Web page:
On the inside of the hinged back is a large, 65 by 40 mm, pressure plate which keeps the film snug against the film gate. By this is a sticker advertising the retailer – Peter Hall of Ilkeston, Derbyshire. When closed, the back fits into a groove on the body. This groove is filled with a foam light seal which degenerated and needs replacing. Luckily, this is a straight forward job and replacement foam is readily available on that auction site.
The base has the usual three items.Most prominent is the battery compartment. When new, this used a mercury cell producing 1.3 volts. These are now banned internationally but 1.5 volt alkaline cells fit – there might be a bit of over-exposure as a result of using the alkaline cell. Next to the battery compartment is a 1/4 inch UNC tripod socket (I am assuming the UNC thread as this would conform to ISO 1222 which dates from 1973 and lays down the usage of the UNC thread). The third item on the base is the button to allow the film to be rewound. This only needs to be pressed in at the start of rewinding and then stays in until the film advance lever is moved. This is so much more convenient than having to have one hand holding the camera, one hand holding the button in and one hand winding the rewind crank which is the case with so many cameras.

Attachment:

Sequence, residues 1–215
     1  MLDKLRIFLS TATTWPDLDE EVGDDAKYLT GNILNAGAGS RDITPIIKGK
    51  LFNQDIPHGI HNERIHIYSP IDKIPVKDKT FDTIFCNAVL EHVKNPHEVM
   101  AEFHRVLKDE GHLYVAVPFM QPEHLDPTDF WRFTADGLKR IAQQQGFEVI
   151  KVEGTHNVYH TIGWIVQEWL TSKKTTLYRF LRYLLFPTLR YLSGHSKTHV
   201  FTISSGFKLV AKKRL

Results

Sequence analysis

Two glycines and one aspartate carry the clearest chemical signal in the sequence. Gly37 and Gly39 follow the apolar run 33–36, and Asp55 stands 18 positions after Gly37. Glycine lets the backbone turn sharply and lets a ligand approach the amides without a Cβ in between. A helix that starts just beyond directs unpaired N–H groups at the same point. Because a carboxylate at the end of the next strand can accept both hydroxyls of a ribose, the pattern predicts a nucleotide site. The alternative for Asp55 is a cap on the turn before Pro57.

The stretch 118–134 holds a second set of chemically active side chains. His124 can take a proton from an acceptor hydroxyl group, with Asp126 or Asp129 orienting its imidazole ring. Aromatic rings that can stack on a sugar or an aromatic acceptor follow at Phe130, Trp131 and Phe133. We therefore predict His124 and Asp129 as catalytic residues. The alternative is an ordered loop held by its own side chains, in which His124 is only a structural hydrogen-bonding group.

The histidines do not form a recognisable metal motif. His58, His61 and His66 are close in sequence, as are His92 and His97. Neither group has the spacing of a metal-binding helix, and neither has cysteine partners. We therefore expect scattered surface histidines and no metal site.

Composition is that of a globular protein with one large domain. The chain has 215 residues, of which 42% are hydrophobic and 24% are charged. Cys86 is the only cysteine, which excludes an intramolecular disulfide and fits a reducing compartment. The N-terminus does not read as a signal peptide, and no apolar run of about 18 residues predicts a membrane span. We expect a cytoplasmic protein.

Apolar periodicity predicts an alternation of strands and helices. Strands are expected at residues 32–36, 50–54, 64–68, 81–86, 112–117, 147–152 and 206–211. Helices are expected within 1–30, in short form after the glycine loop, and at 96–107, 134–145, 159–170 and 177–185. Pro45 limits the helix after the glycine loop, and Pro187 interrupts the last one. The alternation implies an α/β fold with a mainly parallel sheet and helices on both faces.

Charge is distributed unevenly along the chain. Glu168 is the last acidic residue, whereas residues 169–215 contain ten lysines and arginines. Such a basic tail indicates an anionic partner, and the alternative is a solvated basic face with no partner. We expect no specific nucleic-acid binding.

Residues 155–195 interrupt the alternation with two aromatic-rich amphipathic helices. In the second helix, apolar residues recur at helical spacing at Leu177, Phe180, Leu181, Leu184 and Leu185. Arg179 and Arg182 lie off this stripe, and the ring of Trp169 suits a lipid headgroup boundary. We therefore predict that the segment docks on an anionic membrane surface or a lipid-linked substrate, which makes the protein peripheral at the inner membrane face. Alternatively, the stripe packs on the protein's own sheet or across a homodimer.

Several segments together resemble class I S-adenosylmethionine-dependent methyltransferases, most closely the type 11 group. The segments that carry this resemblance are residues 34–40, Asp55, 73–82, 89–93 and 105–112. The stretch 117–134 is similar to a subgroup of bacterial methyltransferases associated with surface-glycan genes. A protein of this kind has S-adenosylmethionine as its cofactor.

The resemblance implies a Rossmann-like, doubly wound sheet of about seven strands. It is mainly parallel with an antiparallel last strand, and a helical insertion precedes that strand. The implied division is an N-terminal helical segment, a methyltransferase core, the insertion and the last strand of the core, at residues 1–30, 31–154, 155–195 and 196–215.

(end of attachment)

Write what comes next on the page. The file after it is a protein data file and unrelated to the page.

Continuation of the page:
For once, the camera came with its kit lens. This is Ricoh’s own make, an Auto Rikenon with 50mm focal length and a maximum aperture of ƒ/2. The ‘auto’ part of the name indicates that the lens aperture remains fully open until the camera’s shutter release button is pressed. There is a small pin by the screw mount which is pressed by the bar mentioned earlier. This auto system has got the advantage that the viewfinder image remains bright while you focus.
Apertures with this lens range from ƒ/2 to ƒ/16. Not an astounding range but very useful. Focusing is from 0.6m to infinity. There are two distance scales, metres in green and feet in white. Being an older lens, there is a depth of field scale by the focus scale – something I think all lenses should have. using this scale, I can determine that the hyperfocal distance at ƒ/16 is 5 metres giving a focus range from 2.5 metres to infinity.
The lens is sturdily made from aluminium with a rubber focusing grip. According to the Interweb, this lens has 6 elements in 5 groups. I could only find positive comments about the performance of this lens, but my test film might say otherwise.